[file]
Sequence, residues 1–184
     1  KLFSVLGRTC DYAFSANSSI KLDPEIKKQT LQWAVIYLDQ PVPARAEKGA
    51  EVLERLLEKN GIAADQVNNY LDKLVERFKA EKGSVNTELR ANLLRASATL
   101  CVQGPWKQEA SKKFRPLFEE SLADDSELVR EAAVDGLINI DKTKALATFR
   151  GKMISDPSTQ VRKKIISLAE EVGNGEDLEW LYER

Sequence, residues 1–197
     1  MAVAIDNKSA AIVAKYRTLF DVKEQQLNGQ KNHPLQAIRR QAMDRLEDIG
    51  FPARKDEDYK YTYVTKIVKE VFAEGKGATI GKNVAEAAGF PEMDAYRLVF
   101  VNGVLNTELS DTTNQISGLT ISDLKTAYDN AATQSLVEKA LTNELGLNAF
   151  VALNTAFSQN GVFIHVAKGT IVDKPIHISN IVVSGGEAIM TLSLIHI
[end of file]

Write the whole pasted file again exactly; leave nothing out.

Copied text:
Sequence, residues 1–184
     1  KLFSVLGRTC DYAFSANSSI KLDPEIKKQT LQWAVIYLDQ PVPARAEKGA
    51  EVLERLLEKN GIAADQVNNY LDKLVERFKA EKGSVNTELR ANLLRASATL
   101  CVQGPWKQEA SKKFRPLFEE SLADDSELVR EAAVDGLINI DKTKALATFR
   151  GKMISDPSTQ VRKKIISLAE EVGNGEDLEW LYER

Sequence, residues 1–197
     1  MAVAIDNKSA AIVAKYRTLF DVKEQQLNGQ KNHPLQAIRR QAMDRLEDIG
    51  FPARKDEDYK YTYVTKIVKE VFAEGKGATI GKNVAEAAGF PEMDAYRLVF
   101  VNGVLNTELS DTTNQISGLT ISDLKTAYDN AATQSLVEKA LTNELGLNAF
   151  VALNTAFSQN GVFIHVAKGT IVDKPIHISN IVVSGGEAIM TLSLIHI